Pritzker and her family had acquired the savings and loan with the help of $600 million in tax credits. She became the new bank’s chairwoman and ended up as a director of the holding company that owned it. Under her leadership, Superior specialized in subprime lending, hustling folks with meager means and poor credit into high interest loans that were bundled into the toxic securities that wrecked the U.S. economy.
As federal regulators began to move in on her bank after it had dangerously inflated the value of its toxic assets, Pritzker assured its employees: “Our commitment to subprime has never been stronger.” Two months later, the bank was pronounced insolvent. At the time, the Federal Deposit Insurance Corp.‘s inspector general report concluded, “The failure of Superior Bank was directly attributable to the board of directors and executive management ignoring sound risk diversification principles, as evidenced by excessive concentration in residual assets related to subprime lending. …”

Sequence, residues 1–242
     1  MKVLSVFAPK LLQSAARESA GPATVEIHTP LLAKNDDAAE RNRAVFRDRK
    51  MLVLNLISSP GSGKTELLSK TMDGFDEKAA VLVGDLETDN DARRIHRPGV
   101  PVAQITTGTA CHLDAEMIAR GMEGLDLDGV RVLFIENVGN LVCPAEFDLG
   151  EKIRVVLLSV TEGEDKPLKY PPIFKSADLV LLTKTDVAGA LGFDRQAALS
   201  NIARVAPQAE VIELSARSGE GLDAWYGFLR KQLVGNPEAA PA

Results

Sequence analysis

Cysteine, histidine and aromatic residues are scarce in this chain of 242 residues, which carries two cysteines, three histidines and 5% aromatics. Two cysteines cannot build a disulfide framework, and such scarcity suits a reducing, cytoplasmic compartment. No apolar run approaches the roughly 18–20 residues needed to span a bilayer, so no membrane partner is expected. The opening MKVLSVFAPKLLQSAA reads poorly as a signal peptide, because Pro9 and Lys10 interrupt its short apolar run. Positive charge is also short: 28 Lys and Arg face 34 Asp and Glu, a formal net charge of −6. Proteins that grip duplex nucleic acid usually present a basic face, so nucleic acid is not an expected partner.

No biggie. In announcing her appointment, Obama joked, “For your birthday present, you get to go through confirmation. It’s going to be great.” It’s the same sort of joke he could have cracked in appointing Citigroup alum Jack Lew to be Treasury secretary.
It is deeply revealing that in the midst of the continuing cycle of misery brought on by the chicanery of the financial community two key Cabinet positions dealing with business practices will likely be occupied by people who specialized in those financial rip-offs.
For Pritzker, as with the confirmation of Lew, the fix is in. The Republicans don’t dare push back too hard on shady business practices that their deregulation legislation endorsed, and Democrats will go along with anything the president wants.